ACV “deals” with certain types of cancer
A few laboratory studies have found that vinegar may be able to kill cancer cells or diminish their growth. One study found that eating vinegar was associated with a decreased risk of esophageal cancer. Another associated it with an increased risk of bladder cancer. In recent trials, pectin, which can be found in ACV, has shown promise in helping to slow the growth of cancerous cells within the prostate. In addition, apple cider vinegar’s acidity aids in detoxifying and cleansing the digestive tract and cleaning out the colon, which supports the health of the prostate as well.
Weight loss is no problem with ACV
ACV has been used for weight loss for thousands of years. White vinegar (and perhaps other types) might help people feel full up. A study (Ostman, E. European Journal of Clinical Nutrition, 2005) of 12 people found that those who ate a piece of bread along with small amounts of vinegar felt fuller and more satisfied than those who just ate the bread.
A 2009 study on mice showed that consuming acetic acid (the active component in ACV), upregulates the expression of genes for fatty acid oxidation enzymes in the liver, causing a suppression in body fat accumulation. In a double-blind experiment, obese Japanese were assigned to 3 different groups (based on similar body weights), body mass indexes (BMI), and waist circumference.
Each group drank a 500 ml drink containing either 30ml, 15ml, or 0ml of vinegar daily for 12 weeks. Those in the 30ml and 15ml groups had lower BMI, visceral fat area, waist circumference, serum triglyceride, and body weight to the control group of 0ml. The 12-week weight losses were modest: 1.2kg in the 15ml group and 1.7kg in the 30ml group.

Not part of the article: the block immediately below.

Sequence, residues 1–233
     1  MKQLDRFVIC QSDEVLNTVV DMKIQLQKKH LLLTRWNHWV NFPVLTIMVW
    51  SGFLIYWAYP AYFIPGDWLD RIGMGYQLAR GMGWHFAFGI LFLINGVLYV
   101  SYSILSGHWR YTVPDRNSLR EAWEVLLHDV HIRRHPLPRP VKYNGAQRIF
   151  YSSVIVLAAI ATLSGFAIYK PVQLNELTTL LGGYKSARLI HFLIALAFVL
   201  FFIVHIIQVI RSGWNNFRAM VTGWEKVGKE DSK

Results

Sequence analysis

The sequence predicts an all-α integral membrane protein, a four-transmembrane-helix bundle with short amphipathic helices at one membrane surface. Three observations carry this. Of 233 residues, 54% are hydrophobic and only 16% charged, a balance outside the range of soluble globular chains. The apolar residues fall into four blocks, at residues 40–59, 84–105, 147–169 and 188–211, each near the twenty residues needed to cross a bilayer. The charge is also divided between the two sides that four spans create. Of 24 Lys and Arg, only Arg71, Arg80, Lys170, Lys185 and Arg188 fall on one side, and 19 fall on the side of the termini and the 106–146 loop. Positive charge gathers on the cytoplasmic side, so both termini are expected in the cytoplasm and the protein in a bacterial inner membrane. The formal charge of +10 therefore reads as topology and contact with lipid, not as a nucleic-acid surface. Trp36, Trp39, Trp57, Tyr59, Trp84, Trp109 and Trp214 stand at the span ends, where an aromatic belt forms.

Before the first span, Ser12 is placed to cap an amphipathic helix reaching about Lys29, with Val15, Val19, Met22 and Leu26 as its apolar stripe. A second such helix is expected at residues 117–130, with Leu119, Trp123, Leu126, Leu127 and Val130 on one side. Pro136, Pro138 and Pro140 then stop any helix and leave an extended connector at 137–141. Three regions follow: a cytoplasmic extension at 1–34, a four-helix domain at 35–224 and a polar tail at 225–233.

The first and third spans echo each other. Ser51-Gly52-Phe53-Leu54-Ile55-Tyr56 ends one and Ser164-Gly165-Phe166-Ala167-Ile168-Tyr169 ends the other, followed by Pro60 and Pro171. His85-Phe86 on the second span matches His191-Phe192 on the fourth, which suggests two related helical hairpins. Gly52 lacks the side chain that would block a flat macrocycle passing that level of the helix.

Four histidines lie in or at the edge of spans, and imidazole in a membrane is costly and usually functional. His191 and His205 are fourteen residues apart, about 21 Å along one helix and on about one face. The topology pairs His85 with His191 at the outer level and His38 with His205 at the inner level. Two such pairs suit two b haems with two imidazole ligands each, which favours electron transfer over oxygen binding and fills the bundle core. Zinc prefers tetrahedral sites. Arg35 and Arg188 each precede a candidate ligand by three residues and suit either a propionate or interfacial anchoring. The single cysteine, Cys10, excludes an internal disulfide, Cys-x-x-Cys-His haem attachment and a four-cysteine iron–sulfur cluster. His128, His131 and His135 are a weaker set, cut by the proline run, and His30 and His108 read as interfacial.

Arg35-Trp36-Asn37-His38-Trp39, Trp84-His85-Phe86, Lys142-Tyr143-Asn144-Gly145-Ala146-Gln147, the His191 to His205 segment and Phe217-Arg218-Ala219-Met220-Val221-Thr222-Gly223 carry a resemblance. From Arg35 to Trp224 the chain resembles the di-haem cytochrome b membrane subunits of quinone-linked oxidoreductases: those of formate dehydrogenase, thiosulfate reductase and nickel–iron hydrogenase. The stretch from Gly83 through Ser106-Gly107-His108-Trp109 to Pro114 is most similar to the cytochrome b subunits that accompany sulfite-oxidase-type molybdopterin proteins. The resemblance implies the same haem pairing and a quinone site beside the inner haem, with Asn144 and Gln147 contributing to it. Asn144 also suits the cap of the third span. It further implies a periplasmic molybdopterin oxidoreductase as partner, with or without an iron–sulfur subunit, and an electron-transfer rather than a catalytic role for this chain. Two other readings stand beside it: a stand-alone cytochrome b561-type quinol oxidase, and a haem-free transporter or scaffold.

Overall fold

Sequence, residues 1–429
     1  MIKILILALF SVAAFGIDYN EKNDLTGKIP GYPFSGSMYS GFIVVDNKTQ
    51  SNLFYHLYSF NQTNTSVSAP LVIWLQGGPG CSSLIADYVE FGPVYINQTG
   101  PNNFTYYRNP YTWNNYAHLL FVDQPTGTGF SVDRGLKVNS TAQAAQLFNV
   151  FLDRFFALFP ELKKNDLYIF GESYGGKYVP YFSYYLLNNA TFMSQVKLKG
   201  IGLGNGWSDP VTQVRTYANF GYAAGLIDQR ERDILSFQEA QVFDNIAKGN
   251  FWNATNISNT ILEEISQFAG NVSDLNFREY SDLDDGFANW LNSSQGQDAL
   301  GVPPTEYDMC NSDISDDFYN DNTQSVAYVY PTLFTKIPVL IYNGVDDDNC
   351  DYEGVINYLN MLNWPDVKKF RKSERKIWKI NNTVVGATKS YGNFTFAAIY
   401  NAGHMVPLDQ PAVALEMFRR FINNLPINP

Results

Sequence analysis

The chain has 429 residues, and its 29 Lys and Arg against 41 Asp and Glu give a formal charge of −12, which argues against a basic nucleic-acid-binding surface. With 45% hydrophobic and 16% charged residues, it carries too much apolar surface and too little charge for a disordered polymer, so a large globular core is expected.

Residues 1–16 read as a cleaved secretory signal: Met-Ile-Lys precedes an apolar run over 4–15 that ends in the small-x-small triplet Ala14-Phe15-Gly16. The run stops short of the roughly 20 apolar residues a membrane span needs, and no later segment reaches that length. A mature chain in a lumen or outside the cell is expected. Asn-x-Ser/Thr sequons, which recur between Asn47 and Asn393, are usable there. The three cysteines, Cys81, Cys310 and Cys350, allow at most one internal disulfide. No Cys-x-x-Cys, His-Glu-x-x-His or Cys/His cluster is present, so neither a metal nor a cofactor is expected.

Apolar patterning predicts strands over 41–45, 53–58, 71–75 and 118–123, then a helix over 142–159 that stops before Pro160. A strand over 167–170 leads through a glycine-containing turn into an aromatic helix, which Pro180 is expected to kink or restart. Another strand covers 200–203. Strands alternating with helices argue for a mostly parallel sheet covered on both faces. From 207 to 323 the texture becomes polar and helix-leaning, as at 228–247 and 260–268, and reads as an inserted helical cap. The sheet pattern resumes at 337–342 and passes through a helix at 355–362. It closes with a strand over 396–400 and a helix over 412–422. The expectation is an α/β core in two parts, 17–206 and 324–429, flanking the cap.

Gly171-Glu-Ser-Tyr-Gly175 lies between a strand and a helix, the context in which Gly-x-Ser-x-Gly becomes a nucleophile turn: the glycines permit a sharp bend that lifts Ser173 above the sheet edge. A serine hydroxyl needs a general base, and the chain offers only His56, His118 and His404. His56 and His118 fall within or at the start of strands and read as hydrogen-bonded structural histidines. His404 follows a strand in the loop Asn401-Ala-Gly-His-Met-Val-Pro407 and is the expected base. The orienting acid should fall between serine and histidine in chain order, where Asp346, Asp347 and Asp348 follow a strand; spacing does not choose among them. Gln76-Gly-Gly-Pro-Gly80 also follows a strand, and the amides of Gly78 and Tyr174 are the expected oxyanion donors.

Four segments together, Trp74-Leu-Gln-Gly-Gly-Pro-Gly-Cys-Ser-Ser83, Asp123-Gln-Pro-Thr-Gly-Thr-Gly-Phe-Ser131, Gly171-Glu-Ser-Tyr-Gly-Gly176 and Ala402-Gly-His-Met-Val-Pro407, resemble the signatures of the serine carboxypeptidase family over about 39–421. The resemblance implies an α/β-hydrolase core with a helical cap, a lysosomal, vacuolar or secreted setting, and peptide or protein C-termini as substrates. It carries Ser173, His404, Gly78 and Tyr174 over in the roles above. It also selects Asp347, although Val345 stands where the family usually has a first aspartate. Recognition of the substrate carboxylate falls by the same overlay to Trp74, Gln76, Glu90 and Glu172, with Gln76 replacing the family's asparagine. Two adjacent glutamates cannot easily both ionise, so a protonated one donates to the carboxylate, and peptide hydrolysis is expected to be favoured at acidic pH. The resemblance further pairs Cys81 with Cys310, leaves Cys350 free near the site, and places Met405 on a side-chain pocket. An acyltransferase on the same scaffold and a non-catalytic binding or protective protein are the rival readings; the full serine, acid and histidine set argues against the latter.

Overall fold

These 2 groups consumed a similar number of calories to the control group and also performed a similar amount of exercise, so the effect is not expected to have been due to an impact on appetite or other lifestyle changes. It was said that consumption of vinegar might reduce corpulence.
How to take ACV:
Never use it undiluted as it is an acid, and will eat away tooth enamel. It may cause burns to the sensitive tissues in your mouth and throat, so drink it in liquid form, but diluted with water. A simple tonic can be made from 1-2 teaspoons ACV and 1 teaspoon honey in a cup of warm water. There have also been offers of apple cider vinegar supplements in capsule form. Make sure you drink 8 oz. pure water with your capsules to avoid causing tissue damage of the esophagus.
Apple cider vinegar and apple cider vinegar pills have become a popular dietary supplement around the globe. I have found it works to relieve acid reflux and I have seen results with dissolving kidney stones.
What about you?
Have you ever tried ACV for your troubles? We would appreciate to hear your questions and results and find out about any good stories you would like to share with us.
- Journal of Agricultural and Food Chemistry, June 22, 2011
- White, A. Diabetes Care, November 2007